Personal surveys from 1969-82 asked respondents who had moved since a specific time (date of last interview or during the past calendar year) whether they had a job lined up at the time of their move or were looking before or afterwards. In 1971, 1972, and 1977, relocated respondents who had no job arrangements beforehand answered questions about the number of weeks spent looking until they found a job before or after the move. A 1982 question asked respondents who had moved since the 1972 interview whether they were looking for work right before or after the move. This same survey included questions for the respondent concerning whether her husband had a job lined up at the time of their move or was looking for work before or after the move.

Most surveys which have asked respondents about their reasons for moving include "better employment opportunities" as one of the options.

Hypothetical Jobs

Several surveys have included questions about hypothetical job offers and reservation wages. The 1967 and 1969 questionnaires asked working respondents what they would do if they lost their current job tomorrow. One answer, "look for work," led to other questions that asked about the kind of work the respondent would look for, any specific companies where she would apply, and a reason for mentioning those employers. The 1967 survey also inquired as to the respondent's future plans after she stops her current job. If her response was "look for work," she was asked about the kind of work she would look for and whether it would be a part- or full-time position.

Respondents who were not working and not looking for work during the 1967 and 1969 interviews were asked about the possibility of accepting a job if one was offered to them. Those who answered that they would take it or that it depends were then asked if they expect to look for work within the next year. Similarly, in 1977 and 1982 respondents were asked if they would accept a job offer in the same area where they lived, at the same rate of pay that they currently received. Possible answers varied from a definite yes or no to several reasons in between: it depends on the type of work, it depends on whether she is satisfied with the company, no--the pay is not enough, etc.

Beginning in 1967 and continuing through the 1986 survey, respondents were queried about their reactions to hypothetical job offers. Most frequently, these questions were set in the context of a job offer in the same geographical area in which the respondent currently lived, but occasionally the questions referred to a different geographical area. The hypothetical job offer series was often broken down by current labor force status of the respondent (e.g., unemployed or out of the labor force); component questions usually asked about the rate of pay required to accept the job offer, hours per week the respondent would be willing to work on the job, and the occupation required to accept the position. Researchers should consult the questionnaires for survey years in which these types of questions were asked and note any minor variations in text wording or universes. These questions can be found on the data file by searching under the word "Hypothetical."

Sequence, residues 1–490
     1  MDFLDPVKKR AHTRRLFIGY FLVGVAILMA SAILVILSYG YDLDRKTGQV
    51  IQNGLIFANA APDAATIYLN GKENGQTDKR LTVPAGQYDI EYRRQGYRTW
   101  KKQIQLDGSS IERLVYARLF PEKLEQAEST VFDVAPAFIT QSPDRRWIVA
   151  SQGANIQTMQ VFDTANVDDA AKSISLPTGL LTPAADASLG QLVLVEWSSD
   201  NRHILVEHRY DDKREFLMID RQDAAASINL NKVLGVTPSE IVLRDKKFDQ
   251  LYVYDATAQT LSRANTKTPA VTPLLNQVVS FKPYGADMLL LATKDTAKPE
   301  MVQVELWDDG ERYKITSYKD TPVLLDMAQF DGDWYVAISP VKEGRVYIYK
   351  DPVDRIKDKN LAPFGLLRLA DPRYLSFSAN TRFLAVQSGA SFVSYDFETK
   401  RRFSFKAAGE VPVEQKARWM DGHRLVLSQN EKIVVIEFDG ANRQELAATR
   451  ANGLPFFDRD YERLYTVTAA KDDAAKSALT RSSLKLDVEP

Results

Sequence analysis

Survey Instruments: Job search questions can be found in multiple sections throughout the Mature Women questionnaires. CPS job search questions are part of the various "Current Labor Force Status," "Work Experience," and "Work History" questionnaire sections. The "Retrospective Work History" questionnaire section includes the job-search-while-employed questions. Job search questions related to geographic mobility are found in "Family Background," "Attitudes Toward Work," and "Geographic Mobility" questionnaire sections. All the hypothetical job series are in the sections "Attitudes Toward Work," "Work Experience," and "Current Labor Force Status and Work History."